The 10 Things I Learned in Three Weeks at Protea Hotels in Africa

Posted on February 20, 2017 by in Hotel Reviews, Marriott Rewards Points

I’ve just spent three weeks in South Africa, Zambia and Malawi. For most of this trip, I stayed at several Protea Hotels by Marriott and I recently reviewed the following seven properties:

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Marriott acquired Protea Hotels in 2014 and by 2016 it was officially re-branded as Protea Hotels by Marriott. I’ve stayed at Protea hotels both before and since the re-branding – at the Protea Hotel Transit Johannesburg Airport and in Nigeria at the Protea Hotel Kuramo Waters Lagos. However, my stays this year were a real eye-opener, as I found Protea Hotels to be a mediocre product at best. This is what I learned with my seven recent stays.

Protea Hotels in Africa

The customer is always never right

With the exception of the Protea Blantyre Ryalls, which features fantastic staff at every turn, the front desk staff at Protea Hotels are always right. The amount of entitlement I saw with the staff is epic. Plus most of my check-ins in all 3 countries were slow, cold and wordless or just a real mess. At the Protea Hotel Stellenbosch, the agent got most of it wrong, including my name, my reservation, my payment type, the Marriott Rewards benefits and even the WiFi code. Does Marriott train any of the Protea staff?

The internet is a total fail in most properties

While the WiFi at the Protea Hotel O.R. Tambo Airport and the Protea Hotel Kruger Gate were the only real stable connections I experienced in these 7 stays, it was still slow at 1.5 to 2 Mbit. The internet at all the other Proteas I stayed at varied between not working at all or hardly working, which can be so frustrating. The worst of the bunch was the Protea Hotel Cape Town Mowbray, who noted my issue of the internet barely working at all, but said nothing could be done until after I’d left!

Protea Hotels in Africa

The beds are usually excellent

Where everything else fails, a great bed can make up for much of it if you can at least sleep well. I found that Protea Hotels tend to have great beds that are usually nice and firm and come with lovely, high-quality linens.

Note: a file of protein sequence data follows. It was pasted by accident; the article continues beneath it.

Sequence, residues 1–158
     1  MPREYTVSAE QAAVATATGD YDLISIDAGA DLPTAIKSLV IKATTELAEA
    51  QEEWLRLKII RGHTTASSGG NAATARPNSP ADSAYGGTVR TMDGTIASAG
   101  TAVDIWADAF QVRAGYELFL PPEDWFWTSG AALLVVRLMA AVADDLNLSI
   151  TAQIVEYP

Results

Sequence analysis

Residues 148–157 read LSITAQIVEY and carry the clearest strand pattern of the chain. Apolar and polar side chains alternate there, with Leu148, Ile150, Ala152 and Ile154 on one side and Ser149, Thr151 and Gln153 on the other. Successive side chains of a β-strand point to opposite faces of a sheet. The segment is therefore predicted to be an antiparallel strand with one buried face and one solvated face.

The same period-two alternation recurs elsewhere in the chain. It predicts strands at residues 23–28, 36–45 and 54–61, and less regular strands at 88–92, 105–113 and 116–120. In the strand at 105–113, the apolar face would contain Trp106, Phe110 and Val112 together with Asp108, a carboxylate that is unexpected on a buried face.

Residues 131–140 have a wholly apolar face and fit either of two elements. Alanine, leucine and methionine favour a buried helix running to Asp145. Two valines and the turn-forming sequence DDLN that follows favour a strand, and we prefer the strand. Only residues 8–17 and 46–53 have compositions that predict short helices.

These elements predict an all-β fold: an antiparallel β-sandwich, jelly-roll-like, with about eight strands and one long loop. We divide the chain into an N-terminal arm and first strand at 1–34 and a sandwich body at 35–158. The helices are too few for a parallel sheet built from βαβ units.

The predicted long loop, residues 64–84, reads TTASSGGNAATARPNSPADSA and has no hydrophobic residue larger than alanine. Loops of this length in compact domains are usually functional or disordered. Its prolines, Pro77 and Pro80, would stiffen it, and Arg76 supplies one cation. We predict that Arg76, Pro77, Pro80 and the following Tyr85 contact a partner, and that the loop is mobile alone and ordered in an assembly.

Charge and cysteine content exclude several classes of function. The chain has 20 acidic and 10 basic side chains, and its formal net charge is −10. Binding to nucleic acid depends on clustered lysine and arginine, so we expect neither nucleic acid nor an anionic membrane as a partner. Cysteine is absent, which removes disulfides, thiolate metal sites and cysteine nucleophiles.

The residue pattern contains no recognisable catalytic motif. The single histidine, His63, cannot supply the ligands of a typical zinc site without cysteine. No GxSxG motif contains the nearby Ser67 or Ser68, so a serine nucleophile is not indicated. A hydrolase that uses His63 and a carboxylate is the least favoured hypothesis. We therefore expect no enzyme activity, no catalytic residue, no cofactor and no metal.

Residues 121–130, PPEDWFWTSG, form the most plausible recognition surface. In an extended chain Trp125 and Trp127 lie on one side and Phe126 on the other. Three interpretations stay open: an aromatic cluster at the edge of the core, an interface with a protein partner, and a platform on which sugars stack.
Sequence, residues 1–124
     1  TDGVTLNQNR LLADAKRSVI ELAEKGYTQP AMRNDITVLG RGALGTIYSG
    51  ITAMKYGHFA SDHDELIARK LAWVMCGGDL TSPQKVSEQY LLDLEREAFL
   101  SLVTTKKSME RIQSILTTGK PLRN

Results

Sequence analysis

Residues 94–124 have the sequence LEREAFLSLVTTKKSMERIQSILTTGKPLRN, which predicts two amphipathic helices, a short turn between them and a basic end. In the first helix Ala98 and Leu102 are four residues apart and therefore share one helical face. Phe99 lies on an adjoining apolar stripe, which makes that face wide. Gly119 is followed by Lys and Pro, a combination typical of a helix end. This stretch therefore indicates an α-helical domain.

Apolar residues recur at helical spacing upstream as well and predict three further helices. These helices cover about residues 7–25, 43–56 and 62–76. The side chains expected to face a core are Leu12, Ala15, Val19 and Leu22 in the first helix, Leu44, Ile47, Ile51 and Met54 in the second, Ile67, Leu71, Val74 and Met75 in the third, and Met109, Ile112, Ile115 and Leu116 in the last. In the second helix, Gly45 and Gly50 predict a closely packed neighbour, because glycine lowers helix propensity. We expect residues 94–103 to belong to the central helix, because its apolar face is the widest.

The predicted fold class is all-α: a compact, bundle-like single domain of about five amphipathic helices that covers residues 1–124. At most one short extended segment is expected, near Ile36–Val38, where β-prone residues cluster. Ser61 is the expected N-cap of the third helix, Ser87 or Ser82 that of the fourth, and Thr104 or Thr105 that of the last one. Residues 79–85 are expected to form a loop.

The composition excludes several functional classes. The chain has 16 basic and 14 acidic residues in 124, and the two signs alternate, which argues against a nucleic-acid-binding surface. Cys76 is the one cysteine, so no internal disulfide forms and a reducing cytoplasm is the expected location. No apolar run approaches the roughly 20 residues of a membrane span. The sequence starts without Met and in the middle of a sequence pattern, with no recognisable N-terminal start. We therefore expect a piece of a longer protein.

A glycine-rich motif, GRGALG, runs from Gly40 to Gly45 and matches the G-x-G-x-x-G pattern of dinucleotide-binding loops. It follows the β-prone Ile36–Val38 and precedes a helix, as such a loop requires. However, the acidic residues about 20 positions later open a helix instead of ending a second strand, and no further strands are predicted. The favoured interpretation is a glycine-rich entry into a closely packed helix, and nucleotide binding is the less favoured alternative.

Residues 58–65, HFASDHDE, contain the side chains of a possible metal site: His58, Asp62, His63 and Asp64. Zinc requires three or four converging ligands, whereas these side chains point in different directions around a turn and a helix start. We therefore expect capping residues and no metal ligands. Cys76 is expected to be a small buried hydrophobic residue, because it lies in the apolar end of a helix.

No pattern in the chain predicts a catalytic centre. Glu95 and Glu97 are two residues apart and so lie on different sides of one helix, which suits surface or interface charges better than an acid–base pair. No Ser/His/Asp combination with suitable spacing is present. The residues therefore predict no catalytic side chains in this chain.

Marriott Rewards is a language from another planet

Marriott Rewards benefits are usually not honored or even mentioned at Protea Hotels in these countries. The worst offender for me was the Protea Hotel Kruger Gate – how can a Marriott hotel, where the front desk is plastered with Marriott Rewards ‘join here’ stickers, and where I have redeemed points for my stay, tell me that the hotel DOES NOT participate in Marriott Rewards? Even the manager agreed with the front desk staff the next day. It’s just baffling.

Protea Hotels in Africa

There are no executive lounges

Protea does not have to claim any executive lounges, but really I would have wished at least some of the properties would be exceptions.

The free breakfast is usually very basic (and often not free)

Some Protea hotels offer free breakfast to Marriott Rewards elites, while other properties offer it to all paying guests, and some properties charge for breakfast. It tends to differ widely depending on the Protea. The Protea Hotel Cape Town Mowbray was one of the few I stayed at that honored my Marriott Gold membership, but the complimentary breakfast benefit that it came with here was terrible.

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Likewise, the free breakfast at the Protea Hotel Livingstone was so bad that I ate my own food instead and the complimentary spread at the Protea Hotel Blantyre Ryalls was just as disappointing.

Food at Protea Hotels is generally bad

The food was generally a big letdown at most, if not all, of the properties I stayed at. Buffets and breakfasts were often generous spreads, but with low-quality items. Even dinner at the renowned 21 Grill On Hannover at the Protea Hotel Blantyre Ryalls had chicken and steak dishes that were barely edible and were certainly not fresh.

The housekeeping staff are pretty great 

Aside from one maddening incident at the Protea Hotel Cape Town Mowbray, where housekeeping knocked and then walked into my room without waiting for an answer late at night, I found the housekeeping staff to be great and friendly. Overall, my rooms and the public areas at all the Protea Hotels were clean and tidy to a good standard.

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The AC units tend to be too loud and ineffective

How anyone can sleep with the air conditioning on at the Protea Hotel Cape Town Mowbray,  the Protea Hotel Livingstone or the Protea Hotel Stellenbosch, I’ll never know. The AC is just excessively loud at these properties, let alone noisy and annoying at most of the Proteas I stayed at. Other hotels should follow the Protea Hotel Blantyre Ryalls’ lead, which features a well-working unit that is incredibly quiet and effective.

Most stays are great value at 7,500 points

In the most expensive African cities, it’s impressive to find Marriott properties at such great value when redeeming points for your stay. Except for the Protea Hotel O.R. Tambo Airport and the Protea Hotel Cape Town Mowbray (which were actually good value, too, at 10,000 points each) my stays were priced at just 7,500 points Marriott Rewards per night.

The Protea Hotel Kruger Gate often charges $250 a night, so redeeming 7,500 points here for example is an excellent deal. Even better, the Protea Hotel Blantyre Ryalls in Malawi has posted rates of $250 to $300, but 7,500 points per night makes it a steal.

Protea Hotels in Africa

Some of the issues with Protea can be overlooked when you get such a great deal with points, but it’s clear that Marriott should work on the hotels to get them up to standard anyway – and soon. If staff were trained properly and the internet at least worked, some of these properties could really be great.